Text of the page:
No job ever follows a routine pattern when working with the Hanford Nuclear Waste Site in southeast Washington. There simply remain constant reminders that the vast acreage was once a fertile breeding ground for nuclear operations. The cleanup offers continual reminders of how intricate that work was, how damaging that waste is and how unusual those sites are compared to a “traditional” construction site. 

As Washington Closure Hanford started work on the next phase of its $2.3 billion contract to clean up a 220-square-mile area along the banks of the Columbia River within the Hanford complex, known as the River Corridor, they not only started demolishing a nuclear reactor, but they took out a reminder of why that nuclear reactor was there in the first place: they removed a security guard tower. Nothing too dramatic, but still, a guard tower soaring above the reactor, with views up and down the river, serve as a reminder of the variety of competing interests that long stood at Hanford.

N Reactor operated from 1963 all the way until 1987—the longest running reactor in the Hanford complex—and was the only one in the nation that produced both plutonium and electricity. The guard tower reminded those that the Cold War provided security concerns, as the plutonium was created for the Department of Defense.

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Photo courtesy of Washington Closure Hanford

The guard tower was located on the 181-N Building, which was the reactor’s water intake structure. The 181-N Building, which will come down later this month, provided water from the Columbia River to cool the reactor during operation. The guard tower was the largest at Hanford, standing 62 feet tall and weighing more than 49,000 pounds.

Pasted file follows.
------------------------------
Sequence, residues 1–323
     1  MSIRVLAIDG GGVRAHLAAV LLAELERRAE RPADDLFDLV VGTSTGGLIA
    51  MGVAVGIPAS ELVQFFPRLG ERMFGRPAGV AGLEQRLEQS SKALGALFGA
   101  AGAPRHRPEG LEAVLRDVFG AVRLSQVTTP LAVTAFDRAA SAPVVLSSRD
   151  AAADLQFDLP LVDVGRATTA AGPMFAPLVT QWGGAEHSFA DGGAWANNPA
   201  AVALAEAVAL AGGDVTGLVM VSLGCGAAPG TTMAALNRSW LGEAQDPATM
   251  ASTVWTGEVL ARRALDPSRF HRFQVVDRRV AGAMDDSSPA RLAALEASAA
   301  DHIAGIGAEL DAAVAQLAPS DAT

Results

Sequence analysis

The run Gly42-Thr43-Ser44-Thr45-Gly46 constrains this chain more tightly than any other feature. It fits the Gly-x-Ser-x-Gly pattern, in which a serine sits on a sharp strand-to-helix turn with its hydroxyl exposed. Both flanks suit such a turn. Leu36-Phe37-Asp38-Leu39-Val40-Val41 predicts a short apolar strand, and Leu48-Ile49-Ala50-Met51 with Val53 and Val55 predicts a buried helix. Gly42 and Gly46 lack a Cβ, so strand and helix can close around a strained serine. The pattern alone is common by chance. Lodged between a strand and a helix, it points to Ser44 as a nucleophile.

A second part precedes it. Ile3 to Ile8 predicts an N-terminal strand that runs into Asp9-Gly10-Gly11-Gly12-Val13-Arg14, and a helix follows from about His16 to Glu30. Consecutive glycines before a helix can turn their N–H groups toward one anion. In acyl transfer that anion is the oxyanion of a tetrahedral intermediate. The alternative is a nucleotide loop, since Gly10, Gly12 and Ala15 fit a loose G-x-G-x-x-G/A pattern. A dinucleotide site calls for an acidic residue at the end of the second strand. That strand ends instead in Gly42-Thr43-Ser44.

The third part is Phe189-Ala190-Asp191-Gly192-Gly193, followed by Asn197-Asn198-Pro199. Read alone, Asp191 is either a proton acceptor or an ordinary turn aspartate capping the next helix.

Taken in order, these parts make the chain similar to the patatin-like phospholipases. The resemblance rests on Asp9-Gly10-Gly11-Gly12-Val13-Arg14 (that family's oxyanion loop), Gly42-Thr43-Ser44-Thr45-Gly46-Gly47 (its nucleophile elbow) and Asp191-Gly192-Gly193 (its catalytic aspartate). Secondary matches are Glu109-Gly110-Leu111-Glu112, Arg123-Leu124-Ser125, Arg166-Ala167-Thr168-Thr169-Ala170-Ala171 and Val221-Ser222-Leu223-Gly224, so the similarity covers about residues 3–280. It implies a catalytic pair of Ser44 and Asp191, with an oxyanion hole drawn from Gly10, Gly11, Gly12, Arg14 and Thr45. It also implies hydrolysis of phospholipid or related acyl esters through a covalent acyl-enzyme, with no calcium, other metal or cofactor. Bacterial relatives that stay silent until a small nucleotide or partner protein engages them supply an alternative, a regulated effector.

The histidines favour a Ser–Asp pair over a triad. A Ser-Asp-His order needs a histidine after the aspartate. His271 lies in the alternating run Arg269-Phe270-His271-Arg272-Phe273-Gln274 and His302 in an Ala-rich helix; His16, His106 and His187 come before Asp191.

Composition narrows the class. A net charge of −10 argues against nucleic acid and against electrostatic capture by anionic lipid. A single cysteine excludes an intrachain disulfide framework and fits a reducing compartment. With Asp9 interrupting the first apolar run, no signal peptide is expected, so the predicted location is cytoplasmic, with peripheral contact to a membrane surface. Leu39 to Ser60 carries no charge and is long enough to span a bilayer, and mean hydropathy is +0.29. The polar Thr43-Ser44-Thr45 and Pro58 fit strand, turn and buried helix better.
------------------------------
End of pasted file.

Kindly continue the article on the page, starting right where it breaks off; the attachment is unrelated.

“As part of N Reactor cleanup and interim safe storage of the facilities, workers have removed approximately 696,000 tons of contaminated material away from the Columbia River,” says Gary Snow, director of deactivation and demolition for Washington Closure. “The demolition of the guard tower stands as a reminder of the progress we are making by cleaning up the legacy waste along the River Corridor from Hanford’s plutonium production mission.”

Washington Closure is a limited liability company owned by URS, Bechtel and CH2M Hill.

The 10-year project is on target to be completed in 2015. Along with the N Reactor, which has been more than 95 percent “cocooned,” or placed into long-term safe storage, Washington Closure must demolish 109 reactor support facilities and clean 119 waste sites. To date, nearly 700,000 tons of contaminated and hazardous
material from N Area has been transported away from the Columbia River and disposed in a regulator-approved disposal facility.

Snow says they remain on schedule to stabilize the reactor and complete cleanup of the reactor’s support facilities by September.

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Photo courtesy of Washington Closure Hanford

In 1987, N Reactor shut down for maintenance, refueling and safety upgrades. The reactor never operated again. It was decommissioned when the Cold War ended in 1989, marking the beginning of the cleanup era at Hanford, an era that will stretch generations further than the actual uses of the Hanford production that still requires cleanup.

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